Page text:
Daniela Perea:
Yeah, I think it’s really important that what you just said, I think that someone that’s making a podcast is someone that really wants to share what they know and help others grow. And having a, being a host and especially you that you’ve been with your podcasts for five years, as you said, it helps you, first of all, keep update, you’re always updated with what’s going on, and I think it, like it helps you broad your mind to a point where you’re open to hear whatever it’s out there. And if it makes sense, like, you know, the truth is it’s not only your truth, you know what I mean?

Joey Price:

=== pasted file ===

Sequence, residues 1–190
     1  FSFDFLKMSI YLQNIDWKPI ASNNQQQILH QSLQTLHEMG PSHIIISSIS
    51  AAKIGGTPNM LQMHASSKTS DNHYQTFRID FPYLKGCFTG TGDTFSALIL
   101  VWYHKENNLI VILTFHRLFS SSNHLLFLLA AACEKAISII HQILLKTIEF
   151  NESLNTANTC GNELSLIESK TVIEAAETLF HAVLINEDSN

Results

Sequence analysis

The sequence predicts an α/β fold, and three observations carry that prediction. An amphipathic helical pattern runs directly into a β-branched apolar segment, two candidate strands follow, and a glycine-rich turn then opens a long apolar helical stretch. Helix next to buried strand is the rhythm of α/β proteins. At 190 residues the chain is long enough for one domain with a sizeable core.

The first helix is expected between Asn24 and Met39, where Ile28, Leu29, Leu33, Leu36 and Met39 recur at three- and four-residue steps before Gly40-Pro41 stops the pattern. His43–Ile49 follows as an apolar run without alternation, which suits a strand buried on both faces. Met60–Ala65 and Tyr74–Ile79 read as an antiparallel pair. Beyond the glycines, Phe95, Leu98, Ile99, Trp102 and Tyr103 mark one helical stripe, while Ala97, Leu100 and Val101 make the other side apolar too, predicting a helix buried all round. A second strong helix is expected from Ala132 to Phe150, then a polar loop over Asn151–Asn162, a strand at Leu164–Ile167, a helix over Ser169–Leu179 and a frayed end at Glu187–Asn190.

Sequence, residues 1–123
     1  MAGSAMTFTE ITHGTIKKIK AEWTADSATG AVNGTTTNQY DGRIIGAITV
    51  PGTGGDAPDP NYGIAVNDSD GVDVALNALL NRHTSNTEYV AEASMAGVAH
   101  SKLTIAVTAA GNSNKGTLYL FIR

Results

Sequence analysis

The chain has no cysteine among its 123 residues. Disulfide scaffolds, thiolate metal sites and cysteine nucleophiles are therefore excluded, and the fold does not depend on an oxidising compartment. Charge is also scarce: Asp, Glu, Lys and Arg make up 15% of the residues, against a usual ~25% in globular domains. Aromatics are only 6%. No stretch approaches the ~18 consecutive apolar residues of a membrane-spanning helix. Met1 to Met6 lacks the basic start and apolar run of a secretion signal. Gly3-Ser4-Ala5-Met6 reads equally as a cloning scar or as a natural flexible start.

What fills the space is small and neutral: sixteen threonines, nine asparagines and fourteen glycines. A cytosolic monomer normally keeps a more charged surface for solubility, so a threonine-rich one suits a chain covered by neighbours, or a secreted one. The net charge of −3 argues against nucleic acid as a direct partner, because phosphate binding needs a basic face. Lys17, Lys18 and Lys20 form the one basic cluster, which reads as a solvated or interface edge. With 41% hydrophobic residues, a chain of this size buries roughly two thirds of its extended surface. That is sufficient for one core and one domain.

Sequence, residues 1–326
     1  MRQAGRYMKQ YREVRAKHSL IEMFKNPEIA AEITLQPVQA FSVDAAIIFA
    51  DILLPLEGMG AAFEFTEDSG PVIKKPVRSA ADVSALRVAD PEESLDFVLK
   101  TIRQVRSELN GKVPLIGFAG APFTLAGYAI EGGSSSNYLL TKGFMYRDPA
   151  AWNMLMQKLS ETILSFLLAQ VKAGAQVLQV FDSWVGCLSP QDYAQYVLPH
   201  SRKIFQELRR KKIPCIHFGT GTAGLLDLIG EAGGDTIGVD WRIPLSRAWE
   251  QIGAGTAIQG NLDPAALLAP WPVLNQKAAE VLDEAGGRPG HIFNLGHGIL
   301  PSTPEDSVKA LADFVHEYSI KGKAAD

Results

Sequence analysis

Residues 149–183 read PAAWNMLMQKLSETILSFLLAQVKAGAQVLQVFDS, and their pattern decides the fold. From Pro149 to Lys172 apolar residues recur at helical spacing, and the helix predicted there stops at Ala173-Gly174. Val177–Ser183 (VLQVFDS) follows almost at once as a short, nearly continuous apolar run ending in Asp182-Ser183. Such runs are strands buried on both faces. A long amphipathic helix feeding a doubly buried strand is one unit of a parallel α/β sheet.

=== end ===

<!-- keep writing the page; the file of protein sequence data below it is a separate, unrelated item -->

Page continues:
Exactly. And if I can if I could riff on that for a second, because there was a time when I first started my podcast where I thought I only had to have people on my show that I agree with and what that did for me is it put me in a box where, oh, you can only listen to Business, Life, and Coffee if you believe X, Y, or Z. But over the years, I’ve learned that you can have people on your show that challenge what you believe and you can have healthy conversation to challenge what they believe, and that just allows you to attract a wider audience for the purpose of having healthy conversation, healthy dialogue, so I was actually on a, I was a guest on a podcast the other day and the host said, well, Joey, what’s one thing I could do to improve? And I said, hey, I think the conversation went well, but challenge your guest even if you don’t do it for yourself because you may have someone on that you agree with, that you love, that you have been following for a while, there’s someone listening to your show that says, well, what do they mean by that? Or I don’t agree or I see life differently. So even be able to challenge your guest or have people and have conversations where there’s healthy dialogue of different opinions, that is a great way to have an authentic show, to, where it’s not just contrived in a box and fully produced and, you know, get gritty with it, get authentic with it, and go to blows in a healthy way. And I think makes for a good conversation.